What can our blood tell
Each of us at least once in his life donated blood for analysis and received a piece of paper on his hands with letters, numbers and units of measure. Then the doctor, looking at the results, announced: “You are healthy” or “You are sick”. But you yourself, how many did not consider incomprehensible badges, did not understand anything. In fact, everything is not so complicated. Let’s try to learn the language of our blood.
A general blood test is taken from the finger and serves to determine whether a person actually has blood diseases and whether any inflammatory process is occurring in the body. Blood is placed in a special analyzer, which gives the results. What will the letters and numbers on the form mean?
RBC These letters denote red blood cells – red blood cells. One milliliter of blood should contain from 3.8 to 5.8 million red blood cells. If there are fewer, then this is a sign of anemia. And therefore, the doctor needs to look at the following indicator – hemoglobin – a protein contained in red blood cells. Hemoglobin is indicated by the letters HGB.
If hemoglobin is low (the norm is 110-165 g per liter of blood), then we are really talking about iron deficiency anemia. Low hemoglobin also inhibits blood coagulation, which can lead to severe bleeding. If it is elevated, then this can speak of chronic leukemia – a benign blood disease. In addition, hemoglobin is able to tell a lot more about the doctor, but for us it is best if it remains within the normal range.
HCT. These are just platelets that are involved in blood coagulation. Normally, they should be from 350 to 500 thousand in one milliliter of blood. A low platelet count indicates increased bleeding, a tendency to bruise and warns of other blood diseases.
WBC This is how white blood cells are designated – white blood cells. Their norm is 3.5-10 thousand in one milliliter. A decrease or increase in the number of white blood cells is a sign of inflammatory processes in the body.
P / nuclear and C / nuclear. The total number of white blood cells includes young stab cells, which then mature and become segmented. P / nuclear should be up to 5% of the total number of mature white blood cells. If more – look for inflammation.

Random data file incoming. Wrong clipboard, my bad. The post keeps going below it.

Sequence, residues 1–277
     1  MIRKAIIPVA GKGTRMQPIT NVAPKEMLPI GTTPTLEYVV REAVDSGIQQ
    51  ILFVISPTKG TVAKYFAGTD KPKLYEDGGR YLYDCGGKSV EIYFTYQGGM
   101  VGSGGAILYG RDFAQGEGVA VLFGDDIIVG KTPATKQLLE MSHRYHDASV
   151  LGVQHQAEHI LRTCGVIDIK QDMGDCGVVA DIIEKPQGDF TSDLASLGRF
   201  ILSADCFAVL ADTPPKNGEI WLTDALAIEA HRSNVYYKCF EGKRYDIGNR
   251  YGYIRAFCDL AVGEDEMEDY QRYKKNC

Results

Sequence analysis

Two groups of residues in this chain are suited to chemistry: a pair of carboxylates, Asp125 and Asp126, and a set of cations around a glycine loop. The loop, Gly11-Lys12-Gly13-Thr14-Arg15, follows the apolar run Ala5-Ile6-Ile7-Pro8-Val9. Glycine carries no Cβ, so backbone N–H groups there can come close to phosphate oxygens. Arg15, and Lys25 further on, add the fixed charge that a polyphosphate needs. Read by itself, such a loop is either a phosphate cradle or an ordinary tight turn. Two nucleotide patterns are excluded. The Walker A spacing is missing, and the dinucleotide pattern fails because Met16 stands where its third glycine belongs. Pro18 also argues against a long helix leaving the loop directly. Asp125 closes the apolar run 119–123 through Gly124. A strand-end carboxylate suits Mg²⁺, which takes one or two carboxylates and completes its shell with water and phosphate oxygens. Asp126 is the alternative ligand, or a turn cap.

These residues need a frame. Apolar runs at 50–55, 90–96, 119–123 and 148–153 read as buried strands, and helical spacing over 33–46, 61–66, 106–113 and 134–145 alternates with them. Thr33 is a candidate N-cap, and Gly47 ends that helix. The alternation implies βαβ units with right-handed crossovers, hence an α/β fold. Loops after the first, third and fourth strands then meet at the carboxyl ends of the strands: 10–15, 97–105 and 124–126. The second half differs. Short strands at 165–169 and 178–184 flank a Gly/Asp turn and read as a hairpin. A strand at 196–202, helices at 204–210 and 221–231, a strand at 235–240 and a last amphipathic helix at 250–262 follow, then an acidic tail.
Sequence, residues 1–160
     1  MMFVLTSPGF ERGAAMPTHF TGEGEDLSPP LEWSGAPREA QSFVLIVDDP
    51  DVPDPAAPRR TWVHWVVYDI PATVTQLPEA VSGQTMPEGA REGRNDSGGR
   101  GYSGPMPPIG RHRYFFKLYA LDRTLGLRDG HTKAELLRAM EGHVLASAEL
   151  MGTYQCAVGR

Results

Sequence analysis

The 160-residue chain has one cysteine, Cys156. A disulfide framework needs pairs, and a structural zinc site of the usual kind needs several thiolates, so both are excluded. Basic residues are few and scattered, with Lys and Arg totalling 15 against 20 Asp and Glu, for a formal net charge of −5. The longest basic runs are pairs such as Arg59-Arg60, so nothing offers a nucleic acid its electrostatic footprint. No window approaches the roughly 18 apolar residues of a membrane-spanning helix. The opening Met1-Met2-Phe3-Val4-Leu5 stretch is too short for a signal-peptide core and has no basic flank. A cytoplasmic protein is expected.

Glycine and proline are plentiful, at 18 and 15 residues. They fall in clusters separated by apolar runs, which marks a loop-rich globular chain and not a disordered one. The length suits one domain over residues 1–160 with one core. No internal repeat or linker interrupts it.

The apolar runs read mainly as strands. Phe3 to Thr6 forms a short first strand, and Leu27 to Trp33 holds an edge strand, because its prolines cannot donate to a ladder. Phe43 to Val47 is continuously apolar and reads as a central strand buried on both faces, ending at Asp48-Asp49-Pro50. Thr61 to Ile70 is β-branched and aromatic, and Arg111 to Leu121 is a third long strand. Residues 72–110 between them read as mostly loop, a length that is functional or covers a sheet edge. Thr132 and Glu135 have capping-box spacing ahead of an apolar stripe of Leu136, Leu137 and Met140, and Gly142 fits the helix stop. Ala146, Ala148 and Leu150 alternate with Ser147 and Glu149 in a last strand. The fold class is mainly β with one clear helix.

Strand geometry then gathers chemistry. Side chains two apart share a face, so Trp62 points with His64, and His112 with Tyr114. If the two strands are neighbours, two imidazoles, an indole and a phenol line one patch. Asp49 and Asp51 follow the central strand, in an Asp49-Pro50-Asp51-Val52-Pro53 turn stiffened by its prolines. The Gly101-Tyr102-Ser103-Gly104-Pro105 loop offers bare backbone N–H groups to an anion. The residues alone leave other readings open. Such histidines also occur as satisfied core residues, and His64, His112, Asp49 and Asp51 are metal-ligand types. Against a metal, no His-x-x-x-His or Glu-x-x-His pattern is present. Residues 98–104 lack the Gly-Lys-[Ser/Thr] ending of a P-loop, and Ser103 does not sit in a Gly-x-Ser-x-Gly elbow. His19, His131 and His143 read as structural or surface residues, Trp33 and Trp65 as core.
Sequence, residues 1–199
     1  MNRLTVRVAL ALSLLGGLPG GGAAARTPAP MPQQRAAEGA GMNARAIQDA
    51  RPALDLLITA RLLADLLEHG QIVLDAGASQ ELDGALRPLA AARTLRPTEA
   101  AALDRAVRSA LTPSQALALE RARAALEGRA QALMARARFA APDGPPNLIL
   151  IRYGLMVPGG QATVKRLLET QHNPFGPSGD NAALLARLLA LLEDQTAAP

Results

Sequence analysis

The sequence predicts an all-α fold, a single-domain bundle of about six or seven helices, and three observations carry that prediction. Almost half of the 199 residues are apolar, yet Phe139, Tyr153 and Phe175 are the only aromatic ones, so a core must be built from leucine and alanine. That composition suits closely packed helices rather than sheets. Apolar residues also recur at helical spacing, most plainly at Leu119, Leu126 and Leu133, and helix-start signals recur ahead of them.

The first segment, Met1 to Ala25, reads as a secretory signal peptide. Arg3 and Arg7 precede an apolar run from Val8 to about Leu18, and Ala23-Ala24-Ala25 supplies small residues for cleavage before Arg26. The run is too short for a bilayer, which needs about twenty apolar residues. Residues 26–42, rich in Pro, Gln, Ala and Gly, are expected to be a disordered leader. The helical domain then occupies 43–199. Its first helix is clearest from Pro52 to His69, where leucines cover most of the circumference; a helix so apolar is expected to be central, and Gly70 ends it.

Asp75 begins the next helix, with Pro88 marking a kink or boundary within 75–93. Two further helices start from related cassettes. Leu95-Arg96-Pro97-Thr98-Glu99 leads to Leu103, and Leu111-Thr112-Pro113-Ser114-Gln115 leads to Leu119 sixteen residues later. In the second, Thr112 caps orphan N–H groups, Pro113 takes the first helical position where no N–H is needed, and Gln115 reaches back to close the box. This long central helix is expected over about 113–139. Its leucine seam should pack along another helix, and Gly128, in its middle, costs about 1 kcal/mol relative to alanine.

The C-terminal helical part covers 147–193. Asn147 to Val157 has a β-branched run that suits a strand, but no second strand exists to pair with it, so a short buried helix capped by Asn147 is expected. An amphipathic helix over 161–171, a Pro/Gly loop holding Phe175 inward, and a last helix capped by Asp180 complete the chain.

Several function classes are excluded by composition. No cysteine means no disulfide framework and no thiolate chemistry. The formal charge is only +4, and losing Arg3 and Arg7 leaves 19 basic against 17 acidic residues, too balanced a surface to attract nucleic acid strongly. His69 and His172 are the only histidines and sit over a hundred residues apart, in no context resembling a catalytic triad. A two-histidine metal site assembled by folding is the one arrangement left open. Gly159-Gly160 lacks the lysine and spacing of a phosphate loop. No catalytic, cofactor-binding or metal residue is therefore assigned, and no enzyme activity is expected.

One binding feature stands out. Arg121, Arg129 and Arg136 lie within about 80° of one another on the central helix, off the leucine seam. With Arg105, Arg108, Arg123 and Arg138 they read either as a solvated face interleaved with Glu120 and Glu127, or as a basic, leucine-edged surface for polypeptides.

LIM. We are talking about lymphocytes, which should be up to 30% of the total number of leukocytes. Exceeding the norm may indicate tuberculosis. A large increase in the number of lymphocytes is observed with lymphocytic leukemia, but the final conclusions should be made by the doctor, based on additional studies.
EOZ. If eosonophils, which are so designated more than 5%, it means that a person may have an allergy.
ESR Sedimentation rate of erythrocytes. The norm should not exceed 17-18 mm per hour. If red blood cells settle at a rate above 20 mm per hour, then this is a sign of inflammation.
If the general blood test showed any deviations from the norm, a biochemical blood test is prescribed, for which blood is taken from a vein and preferably on an empty stomach. Biochemistry shows how the liver and kidneys work, whether water-salt metabolism and the balance of trace elements (calcium, potassium, etc.) are disturbed.
Glucose. Its norm is 3.50-5.80 mm per liter of blood. Elevated glucose levels indicate a threat of diabetes mellitus or impaired glucose tolerance, which requires consultation with an endocrinologist.
Urea or residual nitrogen. These are substances that remain in the blood after filtering fluid through the kidneys. The urea rate is 2.5-8.3 millimoles per liter. Exceeding the norm indicates poor excretory function of the kidneys and impaired filtration. Urea is delayed and there is a poisoning of the body, which contributes to the occurrence of, for example, a disease such as gouty arthritis.
Creatinine. This indicator (norm 44-106 micromilliliters per liter) also indicates the functioning of the kidneys. With a low level of creatinine, we can talk about the development of renal failure.
Cholesterol. Talks about metabolic rate. Its norm is 2.6-6.7 millimoles per liter. High cholesterol is a threat to the development of atherosclerosis.
Transaminases ALT and AST are responsible for liver function. Norm ALT – 5.37 IU (international units), AST – 5-40 IU. High transaminase levels indicate hepatitis.
Total bilirubin. Normally, it should not exceed 22.2 micromilliliters per liter. This indicator increases with viral hepatitis A, B, C, D or with obstructive jaundice.
Total protein. Determines the level of protein in the blood serum. Its norm is from 62 to 83 grams per liter. If a person is poorly fed, depleted, the protein level drops sharply. The same thing happens in violation of the absorption of protein by the body.
Of course, these are just the most general data about what our blood can tell us. Nevertheless, the doctor should first of all understand the analyzes. He also prescribes additional studies if any blood counts are violated.